Is costing more of a subjective art, or is it an objective science?
A recent opinion piece by former CRTC vice-chair Peter Menzies in the Financial Post says “It [The CRTC] has a cost accounting process that is supposed to be objective and provide certainty for an industry on which, as COVID-19 has made starkly clear, Canadians and their economy depend.”
If it was only that simple.
Costing is at the centre of the appeals of last August’s Telecom Order CRTC 2019-288, “Final rates for aggregated wholesale high-speed access services”. In response to an appeal, a little over a week ago, the Federal Cabinet declined to act but said it believed the CRTC erred and set rates too low, impacting the incentives to invest.
The Menzies opinion piece says “The CRTC has the power to stand its ground based on the evidence before it. It should do so.” The implication in the OpEd is that costing is an objective mechanical process; just input a bunch of numbers into a template and out should pop the costs and the resultant wholesale rates.
In reality, there are a lot of subjective decisions required in telecom costing exercises.
The CRTC Order was complex, following a lengthy consultation. The Order itself was divided into 4 broad sections, labelled by the CRTC as “Issues”, and each Issue contained numerous individual determinations, each impacting the resultant costs and wholesale rates:
- Costing issues common to all wholesale HSA service providers
- Annual capital unit cost change assumption
- Bell Canada’s, Bell MTS’s, and RCCI’s unrecovered costs
- Working fill factors
- Costing issues specific to the cable carriers
- Coaxial facility costs
- Segmentation facilities – segmentation fibre, optical nodes, and CCAPs
- Segmentation fibre facilities: Access versus usage
- Cable carriers’ proposed growth rates for annual peak period upstream traffic
- RCCI’s and Videotron’s transport fibre facility costs
- RCCI’s project development costs
- Costing issues specific to the ILECs
- Labour costs per DSLAM port
- Bell Canada’s explicit costing approach
- Attribution factors to be applied to DSLAM equipment, umbilical fibre, and Ethernet port costs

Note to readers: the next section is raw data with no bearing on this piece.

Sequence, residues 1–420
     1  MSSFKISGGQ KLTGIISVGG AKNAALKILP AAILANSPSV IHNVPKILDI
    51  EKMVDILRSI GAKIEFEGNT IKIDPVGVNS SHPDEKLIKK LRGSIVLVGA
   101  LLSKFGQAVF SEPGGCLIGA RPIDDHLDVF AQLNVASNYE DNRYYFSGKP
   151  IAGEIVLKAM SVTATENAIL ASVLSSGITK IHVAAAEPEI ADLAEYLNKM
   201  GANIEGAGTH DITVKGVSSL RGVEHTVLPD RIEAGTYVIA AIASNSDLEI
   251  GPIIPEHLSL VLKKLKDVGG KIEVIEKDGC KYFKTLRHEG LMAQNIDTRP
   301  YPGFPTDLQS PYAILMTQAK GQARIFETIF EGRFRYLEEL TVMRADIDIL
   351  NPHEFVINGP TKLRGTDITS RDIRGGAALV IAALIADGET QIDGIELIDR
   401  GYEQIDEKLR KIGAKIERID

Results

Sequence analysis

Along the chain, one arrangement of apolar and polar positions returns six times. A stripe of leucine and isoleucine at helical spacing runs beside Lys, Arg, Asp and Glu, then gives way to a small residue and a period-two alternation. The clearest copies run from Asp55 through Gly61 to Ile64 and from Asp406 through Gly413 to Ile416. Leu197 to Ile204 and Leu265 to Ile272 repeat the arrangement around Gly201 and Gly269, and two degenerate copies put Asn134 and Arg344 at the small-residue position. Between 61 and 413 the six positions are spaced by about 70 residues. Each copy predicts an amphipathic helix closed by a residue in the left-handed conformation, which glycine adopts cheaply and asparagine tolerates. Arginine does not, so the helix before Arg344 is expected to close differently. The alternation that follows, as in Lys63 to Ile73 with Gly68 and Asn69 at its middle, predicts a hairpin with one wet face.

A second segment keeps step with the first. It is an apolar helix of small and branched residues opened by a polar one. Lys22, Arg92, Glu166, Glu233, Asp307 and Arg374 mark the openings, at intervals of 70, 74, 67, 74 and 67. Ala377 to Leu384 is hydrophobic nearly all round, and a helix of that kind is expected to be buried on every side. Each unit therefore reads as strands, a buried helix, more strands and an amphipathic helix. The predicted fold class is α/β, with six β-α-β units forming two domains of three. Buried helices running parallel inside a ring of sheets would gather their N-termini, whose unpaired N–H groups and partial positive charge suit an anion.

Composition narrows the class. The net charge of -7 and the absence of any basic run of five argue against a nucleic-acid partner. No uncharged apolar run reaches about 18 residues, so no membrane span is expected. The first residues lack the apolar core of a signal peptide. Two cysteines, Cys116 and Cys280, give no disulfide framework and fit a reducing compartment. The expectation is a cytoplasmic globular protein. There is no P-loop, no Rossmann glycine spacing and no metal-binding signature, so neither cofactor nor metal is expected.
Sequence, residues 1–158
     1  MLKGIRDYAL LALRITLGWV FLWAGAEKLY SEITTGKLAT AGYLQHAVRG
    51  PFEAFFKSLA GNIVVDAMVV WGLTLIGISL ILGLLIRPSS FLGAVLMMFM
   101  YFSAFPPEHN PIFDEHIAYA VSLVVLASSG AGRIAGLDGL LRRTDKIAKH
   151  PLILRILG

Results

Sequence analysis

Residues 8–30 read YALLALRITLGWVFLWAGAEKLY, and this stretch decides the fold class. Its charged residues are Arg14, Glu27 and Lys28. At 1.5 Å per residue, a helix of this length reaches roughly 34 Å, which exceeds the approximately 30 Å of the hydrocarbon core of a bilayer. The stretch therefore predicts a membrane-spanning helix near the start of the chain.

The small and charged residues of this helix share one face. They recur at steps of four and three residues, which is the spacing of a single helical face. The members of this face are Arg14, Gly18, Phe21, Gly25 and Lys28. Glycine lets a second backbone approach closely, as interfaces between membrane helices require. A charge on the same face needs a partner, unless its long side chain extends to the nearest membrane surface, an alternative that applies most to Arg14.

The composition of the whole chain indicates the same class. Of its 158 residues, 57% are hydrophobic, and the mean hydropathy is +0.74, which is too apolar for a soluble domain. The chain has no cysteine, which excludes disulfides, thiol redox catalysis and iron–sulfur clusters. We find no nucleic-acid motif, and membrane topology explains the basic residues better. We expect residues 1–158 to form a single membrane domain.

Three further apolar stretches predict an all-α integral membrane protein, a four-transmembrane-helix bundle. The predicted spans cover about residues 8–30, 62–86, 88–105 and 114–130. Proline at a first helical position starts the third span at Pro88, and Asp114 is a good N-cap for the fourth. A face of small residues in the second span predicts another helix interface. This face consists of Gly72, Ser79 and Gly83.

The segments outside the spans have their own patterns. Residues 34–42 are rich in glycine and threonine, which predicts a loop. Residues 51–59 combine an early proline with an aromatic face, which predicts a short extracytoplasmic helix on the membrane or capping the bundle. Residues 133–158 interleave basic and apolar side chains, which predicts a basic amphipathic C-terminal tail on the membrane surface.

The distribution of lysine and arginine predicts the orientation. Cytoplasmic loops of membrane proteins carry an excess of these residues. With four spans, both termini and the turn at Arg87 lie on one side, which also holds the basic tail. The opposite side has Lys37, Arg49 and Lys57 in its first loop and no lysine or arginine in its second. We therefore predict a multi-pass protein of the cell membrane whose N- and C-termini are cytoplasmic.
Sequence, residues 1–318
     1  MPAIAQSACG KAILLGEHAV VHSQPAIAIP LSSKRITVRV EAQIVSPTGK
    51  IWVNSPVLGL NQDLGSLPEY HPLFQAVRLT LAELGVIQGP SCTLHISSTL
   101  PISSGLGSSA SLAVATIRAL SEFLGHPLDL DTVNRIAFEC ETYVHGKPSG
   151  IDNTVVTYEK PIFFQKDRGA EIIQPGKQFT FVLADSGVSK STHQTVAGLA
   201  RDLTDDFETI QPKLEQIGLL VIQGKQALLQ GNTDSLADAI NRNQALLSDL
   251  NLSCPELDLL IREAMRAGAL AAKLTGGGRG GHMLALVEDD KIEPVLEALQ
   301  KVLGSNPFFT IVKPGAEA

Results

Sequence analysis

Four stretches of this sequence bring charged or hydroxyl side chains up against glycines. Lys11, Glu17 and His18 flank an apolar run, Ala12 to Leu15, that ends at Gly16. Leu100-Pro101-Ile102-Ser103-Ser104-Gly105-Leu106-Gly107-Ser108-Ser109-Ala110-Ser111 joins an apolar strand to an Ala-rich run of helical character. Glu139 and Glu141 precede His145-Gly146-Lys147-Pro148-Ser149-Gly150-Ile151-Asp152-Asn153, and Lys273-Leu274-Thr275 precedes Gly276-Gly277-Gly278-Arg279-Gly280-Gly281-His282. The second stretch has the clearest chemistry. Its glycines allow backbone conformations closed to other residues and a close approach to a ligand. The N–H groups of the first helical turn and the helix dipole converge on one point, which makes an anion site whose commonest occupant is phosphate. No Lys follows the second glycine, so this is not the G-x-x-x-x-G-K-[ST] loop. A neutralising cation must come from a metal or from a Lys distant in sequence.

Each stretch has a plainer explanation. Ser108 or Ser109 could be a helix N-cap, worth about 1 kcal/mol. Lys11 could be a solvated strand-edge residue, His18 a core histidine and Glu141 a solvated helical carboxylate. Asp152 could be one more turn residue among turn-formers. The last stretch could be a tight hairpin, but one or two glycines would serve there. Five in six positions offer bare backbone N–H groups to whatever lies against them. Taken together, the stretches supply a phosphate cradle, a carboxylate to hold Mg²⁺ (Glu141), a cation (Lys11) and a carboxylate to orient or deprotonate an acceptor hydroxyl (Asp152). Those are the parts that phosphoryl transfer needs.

- Bell Canada’s productivity enhancements costs
- Umbilical fibre costs: Access versus usage
- Bell Canada’s FTTN bonded access installation rate
- Bell Canada’s project development costs for aggregated FTTN access rates
- TCI’s financial parameters
- SaskTel’s VDSL Access service charge
- SaskTel’s VDSL interface monthly charge
- SaskTel’s other charges
- Other issues
- Effective date of the final aggregated wholesale HSA service rates
- Computation errors
- Subsequent tariff applications
As can be seen, the CRTC Order actually consists of 24 decisions, each one having an impact on the rates charged to ISPs reselling carrier access services, and impacting carrier revenues.
From some of the section headers, it should be obvious that not all of these were purely objective, mechanical determinations. There is analysis required and judgment calls made in each of these sections.
For example, let’s look at some of the discussion in the “Markup” section. The CRTC introduced the section saying “Markups have varied over time depending on a number of factors, including whether the wholesale service is essential and whether there may be additional risk to network investment if the wholesale service is mandated.” The Commission acknowledged the subjectivity of setting the markup rate, saying “in setting rates, it balances the need to ensure that network providers are reasonably compensated for their costs with the need to ensure that markups are not so high as to significantly impede competitors from providing competitive alternatives in the marketplace.”
Reading such discussions in the CRTC Order helps challenge the assertion that the CRTC “has a cost accounting process that is supposed to be objective”.
In fact, there is a lot of subjectivity applied, resulting in the potential for a wide margin of error. That potential for error in any regulatory process is one of the reasons that our system includes three avenues to appeal a determination to another authority, to the regulator, to the Courts and to Cabinet.
As we heard from one of those avenues a little over a week ago, “the Governor in Council considers that the rates do not, in all instances, appropriately balance the policy objectives of the wholesale services framework and is concerned that these rates may undermine investment in high-quality networks, particularly in rural and remote areas.”
These are reasonable concerns for Canada’s Cabinet to have expressed. The need to focus on “investment in high-quality networks, particularly in rural and remote areas” has become more acute over the past 6 months.
In considering its own review of the August 2019 Order, the CRTC can certainly “stand its ground based on the evidence before it”. However, the Commission first needs to reassure itself that it balanced the competing Policy priorities when it made subjective determinations.
The CRTC just may find that a fresh look shines a light on a margin of error in some of those judgment calls.